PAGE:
A comfy, more ‘touring’ as opposed to sports style riding position encourages you to cruise rather than thrash the big Kawasaki, but it’s nice to know you could live with any superbike should you choose – well, in a straight line at least. I only rode it on a cold but dry day, so while I couldn’t really comment on weather protection, I didn’t encounter any noticeable buffeting at any time.
Handlebar controls are pretty standard fare combined with a clear, readable dash with big temperature and fuel gauges.

I can see why this bike will appeal to many riders, as in some ways it really does have the best of both worlds; big capacity, big horse power with decent handling that will easily relieve you of adrenalin while you out-gun the competition on acceleration and top speed.
All this, and you’ll arrive at a destination without the familiar aches and pains sometimes encountered with sportsbikes.

My Dad used to say to my Mum ‘Why do you give me salad with chips? It should be hot or cold – one thing or another’. Maybe it’s a genetic thing, but I’m afraid that’s how I like my bikes, so for me this Ninja’s trying a bit too hard to be one thing and another.

While racing, I would always practice starts during the Sunday morning warm ups. This didn’t seem to help my opening laps, but it never failed to make me feel queasy trying to launch myself to 100mph in under five seconds. I’ve ridden all the new 1000s, but none of them wrapped my stomach round my spine like the Kawasaki ZX-12R.

With it’s claimed 175bhp and ‘normal’ first gear ratio, you have to hang on tight as the fairly long wheelbase keeps the front wheel down while hedges and lampposts become a blur. With just five minutes of mad riding out of the way I decided to relax for the remainder of my day with the new-for-’04 ZX-12R.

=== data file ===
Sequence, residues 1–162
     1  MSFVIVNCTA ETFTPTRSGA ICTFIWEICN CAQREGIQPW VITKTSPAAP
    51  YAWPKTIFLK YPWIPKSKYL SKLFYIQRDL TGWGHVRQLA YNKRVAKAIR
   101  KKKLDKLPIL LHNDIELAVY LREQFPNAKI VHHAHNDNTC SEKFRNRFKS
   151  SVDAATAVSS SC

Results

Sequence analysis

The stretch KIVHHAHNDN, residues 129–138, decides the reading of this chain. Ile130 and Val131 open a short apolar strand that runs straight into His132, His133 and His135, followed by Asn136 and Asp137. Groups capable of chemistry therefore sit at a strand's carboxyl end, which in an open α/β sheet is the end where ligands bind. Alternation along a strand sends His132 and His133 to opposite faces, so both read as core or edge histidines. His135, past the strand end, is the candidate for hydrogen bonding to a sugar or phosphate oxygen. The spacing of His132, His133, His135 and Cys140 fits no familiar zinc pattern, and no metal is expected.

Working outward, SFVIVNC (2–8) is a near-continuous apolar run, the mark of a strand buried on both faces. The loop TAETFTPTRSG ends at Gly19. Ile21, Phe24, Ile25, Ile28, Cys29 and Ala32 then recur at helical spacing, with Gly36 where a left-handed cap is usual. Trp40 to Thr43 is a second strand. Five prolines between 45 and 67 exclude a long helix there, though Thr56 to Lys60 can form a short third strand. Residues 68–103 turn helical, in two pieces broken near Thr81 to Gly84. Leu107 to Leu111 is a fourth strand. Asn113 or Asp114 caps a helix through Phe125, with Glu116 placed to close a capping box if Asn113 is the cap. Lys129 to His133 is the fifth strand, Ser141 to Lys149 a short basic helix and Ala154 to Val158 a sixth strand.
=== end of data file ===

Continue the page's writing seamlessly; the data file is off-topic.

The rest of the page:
Weighing in at 210 kilos with a fairly lazy steering geometry means high speed motorway work is a doddle, but there was no real downside to the handling when it came to flicking through the lanes of Leicestershire.

The centre of gravity actually feels quite high, which means side-to-side movements require little effort, although the front tyre struggled for grip when pushed on slow corners. Being a big capacity bike, the power starts from very low rpm in any gear but the rear suspension coped well and had no hint of wheel spin.

Having linear power all the way to 11,500 rpm means there’s very little squat under acceleration, which keeps the front end down and in contact with the road. Don’t get me wrong; wheelies are always an option, they just don’t happen without warning and that’s no bad thing. Transmission? There are six gears and they change up and down adequately, which is more than I can say about some of the new ZX-10Rs I’ve ridden.